Save on Energy Costs with Improved Attic Insulation

An attic with improved insulation and a window.

To get the maximum performance from your roof, an entire system of products must work together, including attic ventilation and insulation. With proper attic insulation, you can prevent the majority of your home’s heat from escaping through the attic in the winter and protect your living space from hot attic air in the summer. This vital step can help you prevent your heating and cooling expenses from going through the roof—literally.

According to the U.S. Department of Energy, heating and cooling account for 50-70 percent of the energy used in the average American home, but that doesn’t mean homeowners have to be stuck paying outrageous energy bills. By having the right insulation system installed in your attic at the same time you install a new roof, you can ensure optimal performance of your roofing system and save up to 20 percent on utilities.

Insulation also provides many additional benefits, including controlling moisture and air infiltration, assuring proper ventilation and conserving natural resources. However, many homeowners are unable to enjoy the full advantage from this barrier because their homes are not properly insulated. In fact, the North American Insulation Manufacturers Association estimates that 90 percent of U.S. homes are under-insulated.

To help ensure your home doesn’t fall in that category, you must understand exactly what insulation does and why it’s important, how much insulation your attic needs, and what type of insulation is the best fit for your home.

What does insulation do?

Heat always moves toward cold, which is why heat tries to escape a home in the winter, and enter a home in the summer. Rooms such as attics, basements and garages is where this air change happens most frequently. Insulation works by trapping air within tiny pockets to resist the transfer of heat, so it doesn’t move into or out of the house through your roof and doors.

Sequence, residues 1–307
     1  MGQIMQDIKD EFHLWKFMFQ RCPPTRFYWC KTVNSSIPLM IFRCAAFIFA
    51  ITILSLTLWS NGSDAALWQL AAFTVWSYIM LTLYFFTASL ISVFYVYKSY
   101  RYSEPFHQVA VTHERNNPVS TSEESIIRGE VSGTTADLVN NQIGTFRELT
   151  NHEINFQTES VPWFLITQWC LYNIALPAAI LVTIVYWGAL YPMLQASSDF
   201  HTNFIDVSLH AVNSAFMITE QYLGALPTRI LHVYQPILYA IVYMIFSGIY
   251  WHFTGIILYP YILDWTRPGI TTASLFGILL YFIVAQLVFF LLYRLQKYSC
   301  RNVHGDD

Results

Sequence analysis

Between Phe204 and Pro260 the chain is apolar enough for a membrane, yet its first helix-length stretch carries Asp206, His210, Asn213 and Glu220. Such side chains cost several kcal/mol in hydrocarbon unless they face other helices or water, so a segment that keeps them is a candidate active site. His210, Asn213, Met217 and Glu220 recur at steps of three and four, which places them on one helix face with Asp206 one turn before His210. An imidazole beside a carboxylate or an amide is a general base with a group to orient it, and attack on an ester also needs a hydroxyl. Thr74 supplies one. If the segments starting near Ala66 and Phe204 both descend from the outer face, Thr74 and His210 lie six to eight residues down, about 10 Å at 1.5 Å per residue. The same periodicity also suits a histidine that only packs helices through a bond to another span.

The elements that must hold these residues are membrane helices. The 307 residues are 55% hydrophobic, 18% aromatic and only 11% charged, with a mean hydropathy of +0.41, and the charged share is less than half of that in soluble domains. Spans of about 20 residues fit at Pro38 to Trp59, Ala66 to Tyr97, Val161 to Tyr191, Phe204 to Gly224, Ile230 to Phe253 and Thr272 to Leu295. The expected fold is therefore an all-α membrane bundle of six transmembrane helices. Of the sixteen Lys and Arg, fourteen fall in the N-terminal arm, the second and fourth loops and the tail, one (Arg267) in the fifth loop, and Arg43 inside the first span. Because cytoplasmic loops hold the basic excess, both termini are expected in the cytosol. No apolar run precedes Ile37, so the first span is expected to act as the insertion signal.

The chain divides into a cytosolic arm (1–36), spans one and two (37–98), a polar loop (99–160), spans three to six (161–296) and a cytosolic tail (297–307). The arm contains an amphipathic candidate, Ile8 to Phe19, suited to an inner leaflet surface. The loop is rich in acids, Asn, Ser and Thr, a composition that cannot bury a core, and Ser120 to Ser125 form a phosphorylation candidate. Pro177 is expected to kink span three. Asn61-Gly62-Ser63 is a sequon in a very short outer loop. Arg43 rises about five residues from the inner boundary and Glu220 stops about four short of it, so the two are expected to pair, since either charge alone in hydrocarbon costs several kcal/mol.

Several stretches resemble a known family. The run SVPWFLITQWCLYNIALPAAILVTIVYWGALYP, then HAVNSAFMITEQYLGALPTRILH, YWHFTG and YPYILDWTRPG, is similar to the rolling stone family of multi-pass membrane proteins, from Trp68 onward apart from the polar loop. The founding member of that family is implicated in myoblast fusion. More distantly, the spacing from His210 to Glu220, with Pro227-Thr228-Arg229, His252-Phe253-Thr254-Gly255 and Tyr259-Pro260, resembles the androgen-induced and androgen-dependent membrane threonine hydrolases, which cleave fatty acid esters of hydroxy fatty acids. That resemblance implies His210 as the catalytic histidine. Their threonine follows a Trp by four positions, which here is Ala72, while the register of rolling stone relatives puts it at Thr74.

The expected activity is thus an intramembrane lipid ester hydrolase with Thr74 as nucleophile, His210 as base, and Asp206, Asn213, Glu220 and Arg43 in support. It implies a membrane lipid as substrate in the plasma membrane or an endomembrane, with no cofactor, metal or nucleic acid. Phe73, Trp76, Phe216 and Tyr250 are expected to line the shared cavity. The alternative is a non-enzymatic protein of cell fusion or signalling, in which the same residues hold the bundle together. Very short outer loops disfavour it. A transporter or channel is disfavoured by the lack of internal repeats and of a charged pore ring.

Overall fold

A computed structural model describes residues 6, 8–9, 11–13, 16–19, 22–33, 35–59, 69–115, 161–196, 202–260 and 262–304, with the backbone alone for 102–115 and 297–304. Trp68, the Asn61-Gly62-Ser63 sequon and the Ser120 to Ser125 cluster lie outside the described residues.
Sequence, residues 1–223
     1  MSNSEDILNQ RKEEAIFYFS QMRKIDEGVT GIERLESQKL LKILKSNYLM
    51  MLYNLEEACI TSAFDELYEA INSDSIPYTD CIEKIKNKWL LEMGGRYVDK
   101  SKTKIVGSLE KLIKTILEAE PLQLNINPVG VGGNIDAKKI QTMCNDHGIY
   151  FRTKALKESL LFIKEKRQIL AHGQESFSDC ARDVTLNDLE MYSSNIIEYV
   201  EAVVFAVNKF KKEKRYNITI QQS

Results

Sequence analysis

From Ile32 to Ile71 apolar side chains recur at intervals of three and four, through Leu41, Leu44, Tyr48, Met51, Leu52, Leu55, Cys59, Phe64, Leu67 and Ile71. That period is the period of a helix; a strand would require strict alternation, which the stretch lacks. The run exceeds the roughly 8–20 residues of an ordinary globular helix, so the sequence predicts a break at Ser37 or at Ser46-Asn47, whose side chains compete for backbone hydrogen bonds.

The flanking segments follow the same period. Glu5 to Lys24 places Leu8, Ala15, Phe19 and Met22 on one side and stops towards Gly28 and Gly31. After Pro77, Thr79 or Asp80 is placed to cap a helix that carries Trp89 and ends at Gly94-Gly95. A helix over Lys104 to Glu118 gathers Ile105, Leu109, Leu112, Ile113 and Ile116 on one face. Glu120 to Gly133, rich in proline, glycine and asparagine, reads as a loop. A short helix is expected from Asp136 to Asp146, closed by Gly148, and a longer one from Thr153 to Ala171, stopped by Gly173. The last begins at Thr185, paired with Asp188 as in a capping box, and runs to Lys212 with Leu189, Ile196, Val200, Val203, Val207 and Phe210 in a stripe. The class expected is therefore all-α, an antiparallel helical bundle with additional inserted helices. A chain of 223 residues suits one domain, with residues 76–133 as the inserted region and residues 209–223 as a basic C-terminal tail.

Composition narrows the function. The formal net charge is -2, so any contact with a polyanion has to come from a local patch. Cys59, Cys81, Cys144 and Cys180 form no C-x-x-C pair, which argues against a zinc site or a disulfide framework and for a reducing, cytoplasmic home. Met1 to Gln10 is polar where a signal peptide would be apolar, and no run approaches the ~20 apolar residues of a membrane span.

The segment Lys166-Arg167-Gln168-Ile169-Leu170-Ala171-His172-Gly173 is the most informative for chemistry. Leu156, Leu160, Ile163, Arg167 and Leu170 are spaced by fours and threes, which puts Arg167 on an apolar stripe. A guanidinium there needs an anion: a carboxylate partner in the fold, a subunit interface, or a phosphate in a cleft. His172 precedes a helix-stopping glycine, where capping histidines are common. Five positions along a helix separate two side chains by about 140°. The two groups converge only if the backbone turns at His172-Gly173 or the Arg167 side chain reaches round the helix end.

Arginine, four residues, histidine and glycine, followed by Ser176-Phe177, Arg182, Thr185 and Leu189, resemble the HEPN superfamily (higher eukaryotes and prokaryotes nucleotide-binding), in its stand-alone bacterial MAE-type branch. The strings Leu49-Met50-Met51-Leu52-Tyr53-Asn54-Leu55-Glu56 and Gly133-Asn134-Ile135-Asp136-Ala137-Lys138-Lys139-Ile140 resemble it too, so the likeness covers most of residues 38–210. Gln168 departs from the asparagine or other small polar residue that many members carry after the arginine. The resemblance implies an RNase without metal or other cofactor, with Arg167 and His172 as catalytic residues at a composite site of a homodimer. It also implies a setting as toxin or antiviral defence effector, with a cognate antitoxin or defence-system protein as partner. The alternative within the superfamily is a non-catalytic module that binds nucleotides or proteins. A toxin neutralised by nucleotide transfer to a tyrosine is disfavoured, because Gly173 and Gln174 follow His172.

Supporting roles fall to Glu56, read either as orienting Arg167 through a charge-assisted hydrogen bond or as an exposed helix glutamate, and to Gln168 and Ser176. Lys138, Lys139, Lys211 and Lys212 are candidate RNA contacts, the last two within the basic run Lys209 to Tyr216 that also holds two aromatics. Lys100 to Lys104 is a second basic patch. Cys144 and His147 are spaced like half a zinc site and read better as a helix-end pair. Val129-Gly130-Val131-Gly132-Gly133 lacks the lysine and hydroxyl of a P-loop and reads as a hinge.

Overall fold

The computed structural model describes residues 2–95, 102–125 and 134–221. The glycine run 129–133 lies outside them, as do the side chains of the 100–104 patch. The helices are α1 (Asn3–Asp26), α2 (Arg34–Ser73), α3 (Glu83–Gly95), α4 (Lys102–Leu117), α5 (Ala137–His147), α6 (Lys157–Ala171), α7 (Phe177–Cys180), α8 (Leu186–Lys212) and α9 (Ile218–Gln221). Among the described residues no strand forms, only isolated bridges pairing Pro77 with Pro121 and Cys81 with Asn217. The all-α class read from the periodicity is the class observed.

How much insulation is needed?

There are a couple of factors that play into how much insulation you’ll need to add to your home. The amount of insulation recommended for you home will vary depending on the climate you live in, the age of your home and how much insulation you already have.

Insulation is rated in terms of thermal resistance, or R-value, which tells you how resistant to heat flow it is. Higher R-values mean greater insulating power.

The U.S. Department of Energy and the International Energy Conservation Code recommends that an uninsulated attic in Zone 2—which includes much of Florida—would require insulation with R-30 to R-60 values. An R-value of R-38 is recommended for most homes, and this translates to about 12 inches of insulation.

What are the types of insulation?

  • Blow-In or Loose-fill Insulation (Fiberglass or Cellulose) – This type of insulation starts out as large blocks of recycled paper materials or fiberglass insulation that is then chewed up by a machine into small pieces and sprayed into the attic. This creates a coat of insulation that covers the floor of your attic and gets into the corners and crevices that are hard to reach.


  • Roll or Batt Insulation (Fiberglass or Rockwool) – Batt insulation is often seen laid out in large blankets or large rolls, and has a higher R-value per inch than loose-fill. However, it may not adequately fill minor gaps in your attic, and it is not ideal for attics that do not have standard joist space or have too many obstruction or penetrations to work around.

Why should I install insulation during a re-roof?

By installing insulation at the time of a re-roof, you can avoid any disruption inside your home and ensure the best performance of your roof system. Additionally, you won’t have to worry about roof leaks that may lead to mold and mildew growth within the insulation.

For more information, contact Chappelle Roofing today at (941)567-6039.